The mechanics of leaving a PEO MEP or a PEP are about the same as above, but there are some additional considerations that typically do not impact Corporate MEPs. For starters, when exiting a PEO Plan, plan sponsors should review the service agreements with the PEO carefully, as the PEO likely provides HR and payroll services in addition to retirement services. Clients have experienced some unexpected outcomes when the payroll withholding/reporting services ended abruptly on the date the provider was notified the retirement plan would be spinning out to another provider. For more information on PEO Exits and HR considerations see The Ultimate Guide to PEOs – and When it’s Time to Exit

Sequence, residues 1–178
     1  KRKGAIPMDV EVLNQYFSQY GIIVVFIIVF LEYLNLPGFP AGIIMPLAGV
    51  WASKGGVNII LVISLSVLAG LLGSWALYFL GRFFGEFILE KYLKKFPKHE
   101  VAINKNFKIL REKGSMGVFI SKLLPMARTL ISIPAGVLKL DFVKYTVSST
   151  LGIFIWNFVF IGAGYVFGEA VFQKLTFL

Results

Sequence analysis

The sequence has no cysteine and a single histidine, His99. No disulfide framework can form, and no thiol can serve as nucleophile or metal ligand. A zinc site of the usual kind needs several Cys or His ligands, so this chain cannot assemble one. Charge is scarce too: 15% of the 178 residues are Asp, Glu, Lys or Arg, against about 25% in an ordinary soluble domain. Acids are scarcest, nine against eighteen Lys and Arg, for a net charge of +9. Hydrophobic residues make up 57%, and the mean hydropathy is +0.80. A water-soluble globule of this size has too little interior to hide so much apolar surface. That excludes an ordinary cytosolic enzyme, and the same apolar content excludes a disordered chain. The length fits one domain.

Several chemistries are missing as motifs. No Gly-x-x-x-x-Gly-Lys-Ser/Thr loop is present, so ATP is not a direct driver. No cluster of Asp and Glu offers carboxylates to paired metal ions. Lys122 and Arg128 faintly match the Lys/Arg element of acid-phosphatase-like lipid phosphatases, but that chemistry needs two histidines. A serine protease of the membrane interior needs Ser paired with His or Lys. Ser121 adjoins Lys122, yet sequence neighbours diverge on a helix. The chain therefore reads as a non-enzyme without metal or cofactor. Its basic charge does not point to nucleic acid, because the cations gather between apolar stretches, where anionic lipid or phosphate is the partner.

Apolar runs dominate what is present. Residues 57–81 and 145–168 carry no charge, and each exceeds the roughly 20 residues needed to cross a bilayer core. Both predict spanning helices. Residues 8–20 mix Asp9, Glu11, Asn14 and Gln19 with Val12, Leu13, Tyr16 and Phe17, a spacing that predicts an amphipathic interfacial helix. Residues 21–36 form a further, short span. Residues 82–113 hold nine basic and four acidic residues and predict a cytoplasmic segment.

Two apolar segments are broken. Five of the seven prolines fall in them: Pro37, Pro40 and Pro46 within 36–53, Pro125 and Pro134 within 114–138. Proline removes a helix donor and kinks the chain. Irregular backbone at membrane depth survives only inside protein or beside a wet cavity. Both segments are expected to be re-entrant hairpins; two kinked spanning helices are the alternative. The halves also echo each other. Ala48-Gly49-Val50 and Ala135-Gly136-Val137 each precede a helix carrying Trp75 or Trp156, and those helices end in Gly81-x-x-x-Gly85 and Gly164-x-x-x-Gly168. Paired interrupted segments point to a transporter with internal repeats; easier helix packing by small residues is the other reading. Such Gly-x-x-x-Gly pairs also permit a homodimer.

In addition, plan sponsors choosing to exit a PEO MEP or PEP may be assessed a “deconversion fee” which covers the expenses incurred by the MEP provider in transitioning the participant accounts to a new provider. Actual deconversion fees will vary depending on the contract terms outlined in the PEO/MEP/PEP agreement. We have seen deconversion fees varying from $0 up to $2,500. Some providers will automatically deduct the fees from plan assets according to the contract terms or will collect the fees from the employer before transferring the assets.  

Exiting a PEO MEP (or a PEP) with Safe Harbor 401(k) Provisions 

There are annoying little rules that apply when exiting a PEO MEP with safe harbor 401(k) provisions mid-year that can wreak havoc on your plan’s compliance and nondiscrimination testing: